Postecoglou admits Tottenham have provided evidence to PGMOL after Vicario targeted

Tottenham manager Ange Postecoglou has revealed that the club have approached the PGMOL with evidence of Guglielmo Vicario being obstructed on the pitch from corners and free-kicks. The Spurs’ keeper has faced numerous interferences during recent matches against Manchester City and Everton. Postecoglou expressed his frustration about the issue.

He said they had sent in evidence highlighting instances where Vicario was obstructed by the opposition to prevent him from effectively defending set pieces. He stated that although he is not usually one to question the referees, he thought it necessary to seek clarity on the rules regarding how goalkeepers can be challenged off the ball in their penalty area. “I haven’t [had conversations with the officials].

I struggle with that stuff. Like I’ve said before, I’ve kind of always been the one who says you’ve got to respect the referee’s decision or the umpire’s, but I think we have sent some stuff to get some clarification,” said the Australian boss. “I’m going to get called out for this, but there was a thing that was quite evident in the game that the goalkeeper was a protected species.

I don’t think that’s just me making that up. The reason people used to say that was that if you really impeded a goalkeeper in any way in the six-yard box, you are going to get a foul. I knew that as a player, I knew that as a manager.

“There seems to be a shift there. Somebody will say to me that the rules haven’t changed but I think there’s been a shift there where now… to me, it’s obstruction. If you’re standing in front of a goalkeeper stopping him before a ball has even arrived, in layman’s terms that’s obstruction.

Now someone is going to tell me that that’s not a law either, it wouldn’t surprise me. “But it was something that I kind of thought was part of the game. I’ve seen it in general play, I’ve seen our guys get blocked trying to close people down by other people and I’m finding it bizarre that it’s not being pulled up anymore.”

“With the goalkeepers, what’s that going to do now? Well, it’s pretty much opened it up that you can surround the goalkeeper and crowd him and put balls on top of him and just wait for the scramble to finish and see what happens. He added: “I was really proud of Vic the other day.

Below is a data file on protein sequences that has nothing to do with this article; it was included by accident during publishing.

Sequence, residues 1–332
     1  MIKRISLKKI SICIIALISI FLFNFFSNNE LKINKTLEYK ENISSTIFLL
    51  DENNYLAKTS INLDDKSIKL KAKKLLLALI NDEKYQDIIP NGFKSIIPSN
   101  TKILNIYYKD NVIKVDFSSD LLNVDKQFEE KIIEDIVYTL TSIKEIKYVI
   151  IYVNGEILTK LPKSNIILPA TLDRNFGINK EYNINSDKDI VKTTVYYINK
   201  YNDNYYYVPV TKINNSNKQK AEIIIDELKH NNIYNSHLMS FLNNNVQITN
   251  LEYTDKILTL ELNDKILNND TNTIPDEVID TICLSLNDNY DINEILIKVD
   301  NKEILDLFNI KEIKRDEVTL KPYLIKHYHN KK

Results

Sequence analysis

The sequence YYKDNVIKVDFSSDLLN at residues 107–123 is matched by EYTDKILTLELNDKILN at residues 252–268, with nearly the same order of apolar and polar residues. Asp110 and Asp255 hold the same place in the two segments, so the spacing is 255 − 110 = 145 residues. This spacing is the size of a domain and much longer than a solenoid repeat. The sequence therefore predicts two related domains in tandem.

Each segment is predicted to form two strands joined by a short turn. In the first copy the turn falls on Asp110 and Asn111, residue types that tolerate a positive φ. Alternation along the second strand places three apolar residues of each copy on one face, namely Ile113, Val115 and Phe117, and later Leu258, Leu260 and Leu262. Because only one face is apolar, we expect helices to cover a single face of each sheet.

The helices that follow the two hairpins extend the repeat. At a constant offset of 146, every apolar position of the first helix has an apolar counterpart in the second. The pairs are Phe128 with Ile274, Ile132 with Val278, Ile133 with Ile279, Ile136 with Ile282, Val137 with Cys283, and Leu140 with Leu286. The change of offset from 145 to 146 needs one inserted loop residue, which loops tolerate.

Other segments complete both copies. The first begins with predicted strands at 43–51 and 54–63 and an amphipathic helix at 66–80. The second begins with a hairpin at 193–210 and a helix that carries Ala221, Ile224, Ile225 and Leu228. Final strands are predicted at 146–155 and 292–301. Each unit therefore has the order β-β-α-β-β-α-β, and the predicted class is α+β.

I think they had nine corners after we conceded and I think he dealt with just about every other one by coming out and actually having a crack at it rather than just standing on his line and saying, ‘No, I don’t want to get exposed’. “I can’t praise him highly enough over the way he handled it, and the whole thing where people say ‘you’ve got to be stronger’, well, what does that mean? If he pushes or does anything to a player, with VAR, you’ve got no chance.

You’re going to get a penalty against you. “We’re telling our players now ‘just be careful in the box, they’re looking for everything with VAR, you’re not going to get away with a little shirt pull or a little push’. So how are goalkeepers supposed to be stronger in that sense when you’ve got somebody standing next to you obstructing you doing your job?

If there’s contact before the ball arrives, I thought that was obstruction. “Like I said, I’ll get called out for this because I’m probably behind the times and maybe there’s been a rule change, but there’s definitely been a shift as I see it where we’ve definitely had two goals, maybe three, [against us] that maybe in the past would have been fouls on the goalkeeper, and it’s not just in our games, I’ve seen it in other games too.”

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